Why Is Nothing Ever Simple?

Is this the longest winter ever? It certainly feels like it. And there’s still another week of January to go.

The garden bears the hallmarks of the exceptionally wet autumn followed by intermittent bouts of further rain, wind and blasts of freezing air. We’ve even had a sprinkling of snow, rare for the south west. You have to admire any bloom that dares to stick its neck out in these conditions but the few that have look miserable specimens indeed.


Hedychium spicatum


Hedychium spicatum

At least the ginger seeds are coming on well. Five pots in all. A little bit of sunshine on the window sill. Reminding me on the many occasions it is needed that spring is just around the corner. OK, several corners. But come it will and I will be ready.

In the meantime any prospect of gardening is a big fat no-no, the soil is saturated, leaving me with time on my hands and a problem: the absence of any credible excuse for further avoidance of the long list of indoor tasks. And if I’ve learned anything at all from the ten years or so of working on this house it is this: Nothing Is Ever Easy. A prime driver of chronic task avoidance if ever there was one.



Take the sitting room blinds as a classic example.

It started out well enough. The fabric could have been designed specifically for the room, it’s that perfect. Every colour is represented somewhere. The blue from the sofas, the light beige tones in the floor, the brown of the ceiling beams, the dark grey from the granite in the fireplace, the white from the walls. Perhaps I should have just propped the roll up in a corner of the room and called it done. Now there’s a thought.



We agonised for weeks over how to treat these windows. Bare fits in well with my minimalist style but the room needs some soul, especially on a winter night when three windows leave black holes bigger than even Prof Brian Cox could summon up. We’d have preferred curtains for cosiness but where to put the curtain pole? Outside the window recess, the traditional place, would have largely covered up the gorgeous original oak lintels that all the effort, angst and not inconsiderable pounds had been poured into restoring in the first place. Putting a pole inside the recess, on a window this small, would have looked rather odd and the curtains blocked out much of the light.

Roman blinds seemed the logical way forward. Which brings us straight to the next problem. The header rail for the blind would need to attach to the underside of the lintel and the lintel is far from square. It bows downwards in the middle. That would mean inserting spacer blocks above the rail at either end to ensure that it finished up level. Blocks which would then be visible above the top of the blind, unless.. maybe if I scribed the top edge of the blind to the exact curve of the oak beam, thus covering up the fixing blocks?



Mike rummaged the far depths of the toy box and emerged triumphantly clutching a device. A contour tool. Pressing the independently mobile red rods up against the beam cunningly replicates the curve, a section at a time, which can then be drawn direct onto paper and cut out to provide a template.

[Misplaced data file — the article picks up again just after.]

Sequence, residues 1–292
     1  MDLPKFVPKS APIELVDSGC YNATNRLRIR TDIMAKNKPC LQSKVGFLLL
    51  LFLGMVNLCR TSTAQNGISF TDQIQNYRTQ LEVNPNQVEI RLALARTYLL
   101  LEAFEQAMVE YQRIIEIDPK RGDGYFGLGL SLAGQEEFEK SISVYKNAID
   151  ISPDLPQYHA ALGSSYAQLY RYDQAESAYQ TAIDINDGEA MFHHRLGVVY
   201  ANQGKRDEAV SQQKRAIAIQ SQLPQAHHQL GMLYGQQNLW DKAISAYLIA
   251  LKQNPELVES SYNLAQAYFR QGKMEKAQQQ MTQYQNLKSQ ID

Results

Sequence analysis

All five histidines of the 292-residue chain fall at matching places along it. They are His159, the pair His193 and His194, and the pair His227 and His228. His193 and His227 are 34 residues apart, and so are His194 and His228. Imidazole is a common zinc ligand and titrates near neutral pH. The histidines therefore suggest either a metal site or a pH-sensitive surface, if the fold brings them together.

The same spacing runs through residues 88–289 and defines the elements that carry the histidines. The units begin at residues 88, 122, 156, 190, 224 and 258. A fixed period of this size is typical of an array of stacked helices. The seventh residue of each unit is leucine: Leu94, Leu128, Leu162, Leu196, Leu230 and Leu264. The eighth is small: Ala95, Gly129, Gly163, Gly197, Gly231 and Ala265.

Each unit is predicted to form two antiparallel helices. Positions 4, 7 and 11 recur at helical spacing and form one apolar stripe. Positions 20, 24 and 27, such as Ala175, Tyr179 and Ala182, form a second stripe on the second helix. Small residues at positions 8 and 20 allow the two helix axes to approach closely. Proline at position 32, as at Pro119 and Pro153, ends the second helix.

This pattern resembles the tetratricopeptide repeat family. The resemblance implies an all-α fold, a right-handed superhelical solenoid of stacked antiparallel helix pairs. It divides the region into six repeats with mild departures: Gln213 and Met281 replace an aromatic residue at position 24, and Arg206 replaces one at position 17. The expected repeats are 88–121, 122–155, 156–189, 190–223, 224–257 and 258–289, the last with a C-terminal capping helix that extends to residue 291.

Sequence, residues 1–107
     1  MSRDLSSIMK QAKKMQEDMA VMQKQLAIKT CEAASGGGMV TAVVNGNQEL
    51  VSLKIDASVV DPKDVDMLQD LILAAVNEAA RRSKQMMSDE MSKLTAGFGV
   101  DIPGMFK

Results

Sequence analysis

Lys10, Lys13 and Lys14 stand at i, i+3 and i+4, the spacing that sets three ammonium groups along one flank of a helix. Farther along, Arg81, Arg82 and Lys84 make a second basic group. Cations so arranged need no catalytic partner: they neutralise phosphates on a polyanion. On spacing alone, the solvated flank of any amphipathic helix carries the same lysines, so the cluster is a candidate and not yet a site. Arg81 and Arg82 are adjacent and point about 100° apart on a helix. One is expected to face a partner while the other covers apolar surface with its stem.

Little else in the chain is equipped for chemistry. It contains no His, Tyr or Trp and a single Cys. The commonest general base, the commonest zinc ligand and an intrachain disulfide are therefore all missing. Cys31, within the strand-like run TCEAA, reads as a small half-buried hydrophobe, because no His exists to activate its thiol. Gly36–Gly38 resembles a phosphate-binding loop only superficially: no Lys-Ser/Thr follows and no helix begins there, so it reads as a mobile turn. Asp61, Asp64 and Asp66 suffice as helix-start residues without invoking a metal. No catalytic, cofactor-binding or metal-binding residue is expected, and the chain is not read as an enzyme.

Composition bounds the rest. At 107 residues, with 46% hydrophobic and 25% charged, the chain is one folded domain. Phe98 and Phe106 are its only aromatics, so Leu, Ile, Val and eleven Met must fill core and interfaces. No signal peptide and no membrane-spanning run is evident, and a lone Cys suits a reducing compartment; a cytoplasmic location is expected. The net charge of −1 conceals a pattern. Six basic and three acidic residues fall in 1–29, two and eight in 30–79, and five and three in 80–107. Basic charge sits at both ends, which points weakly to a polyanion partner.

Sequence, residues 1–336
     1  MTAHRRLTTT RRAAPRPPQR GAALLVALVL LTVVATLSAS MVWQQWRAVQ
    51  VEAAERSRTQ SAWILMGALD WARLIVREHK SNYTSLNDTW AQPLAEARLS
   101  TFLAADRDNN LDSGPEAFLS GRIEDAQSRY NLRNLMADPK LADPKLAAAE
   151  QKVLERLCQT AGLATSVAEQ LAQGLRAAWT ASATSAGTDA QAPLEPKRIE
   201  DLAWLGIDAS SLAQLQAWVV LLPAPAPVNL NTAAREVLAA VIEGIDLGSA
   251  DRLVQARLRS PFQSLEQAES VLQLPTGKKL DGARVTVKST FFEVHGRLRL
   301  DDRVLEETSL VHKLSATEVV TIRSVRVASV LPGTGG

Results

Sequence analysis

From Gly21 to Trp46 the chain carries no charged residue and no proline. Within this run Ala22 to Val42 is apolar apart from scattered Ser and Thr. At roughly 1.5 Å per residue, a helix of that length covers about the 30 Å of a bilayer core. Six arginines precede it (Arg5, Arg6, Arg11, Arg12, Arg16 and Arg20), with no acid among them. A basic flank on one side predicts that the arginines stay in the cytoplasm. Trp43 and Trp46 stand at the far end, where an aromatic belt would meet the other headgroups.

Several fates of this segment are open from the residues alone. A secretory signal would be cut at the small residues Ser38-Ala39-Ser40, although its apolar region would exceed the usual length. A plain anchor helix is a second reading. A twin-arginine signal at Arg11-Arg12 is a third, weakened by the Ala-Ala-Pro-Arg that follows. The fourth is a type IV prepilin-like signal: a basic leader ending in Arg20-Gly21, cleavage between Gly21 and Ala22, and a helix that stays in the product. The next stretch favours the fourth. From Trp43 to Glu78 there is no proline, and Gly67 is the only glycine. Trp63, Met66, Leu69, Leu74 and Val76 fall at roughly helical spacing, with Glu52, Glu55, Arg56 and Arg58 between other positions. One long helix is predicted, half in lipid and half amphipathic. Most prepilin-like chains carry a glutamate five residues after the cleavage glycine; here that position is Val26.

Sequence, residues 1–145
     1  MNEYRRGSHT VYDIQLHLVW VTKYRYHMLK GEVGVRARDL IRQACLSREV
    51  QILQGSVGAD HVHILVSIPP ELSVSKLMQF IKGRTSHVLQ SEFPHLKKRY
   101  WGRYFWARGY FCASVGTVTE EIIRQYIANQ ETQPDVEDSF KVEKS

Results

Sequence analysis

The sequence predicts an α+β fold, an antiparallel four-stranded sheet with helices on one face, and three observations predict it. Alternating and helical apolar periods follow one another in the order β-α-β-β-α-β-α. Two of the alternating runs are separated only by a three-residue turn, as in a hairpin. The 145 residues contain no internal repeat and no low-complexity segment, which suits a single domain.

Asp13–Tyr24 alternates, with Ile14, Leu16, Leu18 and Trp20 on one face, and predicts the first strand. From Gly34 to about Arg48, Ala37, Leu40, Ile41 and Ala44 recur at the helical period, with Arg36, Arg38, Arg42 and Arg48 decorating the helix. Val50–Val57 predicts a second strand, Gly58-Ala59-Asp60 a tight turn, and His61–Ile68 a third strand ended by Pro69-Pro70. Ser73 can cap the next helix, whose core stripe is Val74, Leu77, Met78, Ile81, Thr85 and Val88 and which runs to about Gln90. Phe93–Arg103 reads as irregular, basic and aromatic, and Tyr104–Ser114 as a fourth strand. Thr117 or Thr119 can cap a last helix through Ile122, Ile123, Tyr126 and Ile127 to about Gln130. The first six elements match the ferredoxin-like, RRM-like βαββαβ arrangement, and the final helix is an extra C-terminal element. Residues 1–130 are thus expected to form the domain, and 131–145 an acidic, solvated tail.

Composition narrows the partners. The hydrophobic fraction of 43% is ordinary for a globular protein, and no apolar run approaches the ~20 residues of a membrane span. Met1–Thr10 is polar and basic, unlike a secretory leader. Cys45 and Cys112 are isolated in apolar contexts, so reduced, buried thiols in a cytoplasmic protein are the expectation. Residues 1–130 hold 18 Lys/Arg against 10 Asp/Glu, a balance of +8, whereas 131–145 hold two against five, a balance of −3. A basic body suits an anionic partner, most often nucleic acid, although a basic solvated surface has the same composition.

It works a treat. Of course manipulating the fabric to form that curve, without causing any distortion on the front face of the blind, is a different matter entirely.



An element of faith is involved here..


And so to the moment of truth. Hanging the blind. The top edge was spot on. Take a bow Jessica. But in less time than it takes to crack open a bottle the realisation of the critical flaw hit home. As is often the case with old buildings, where the walls tend to be thick, the sides of the window recess splay outwards. Thus the window alcove is narrower at the window itself, getting progressively wider towards the room. If the recess had been rectangular, with the same width front to back as in a modern window in a thinner wall, we’d have been looking at the window through a tunnel. Think of the slit windows in a four foot thick castle wall. Great for defending against incoming arrows but not so great for access, the view looking out, or for the quality of the light entering the room. Where attack from rampaging enemies was less of an everyday occurrence the occupant of the ancient dwelling could get away with slightly larger windows but the issue of the light remained. Hence splays became commonplace. Fast forward to 2021. A roman blind stacks its fabric in folds as it pulls up, the folds falling mainly behind the front face of the blind where the window recess is narrower. Of course a smart cookie blind maker would have allowed for this. Yes? Doh.

So what to do.

Mike had the very clever idea of moving the blind rail further forward in the window recess, thus putting it into a space with greater width. We tried it and it worked. But there was a reason we’d put the rail in its original position. The blind had looked so much better there. Even if it did have to stay permanently closed because I didn’t have the option of pulling it up! It left only one realistic solution. Take the blind down and remake it from scratch. Only narrower this time..




The second one. Lessons learned.

Note the diagonal top edge this time, just to ring the changes.

After all, we wouldn’t want anything to be too easy now would we?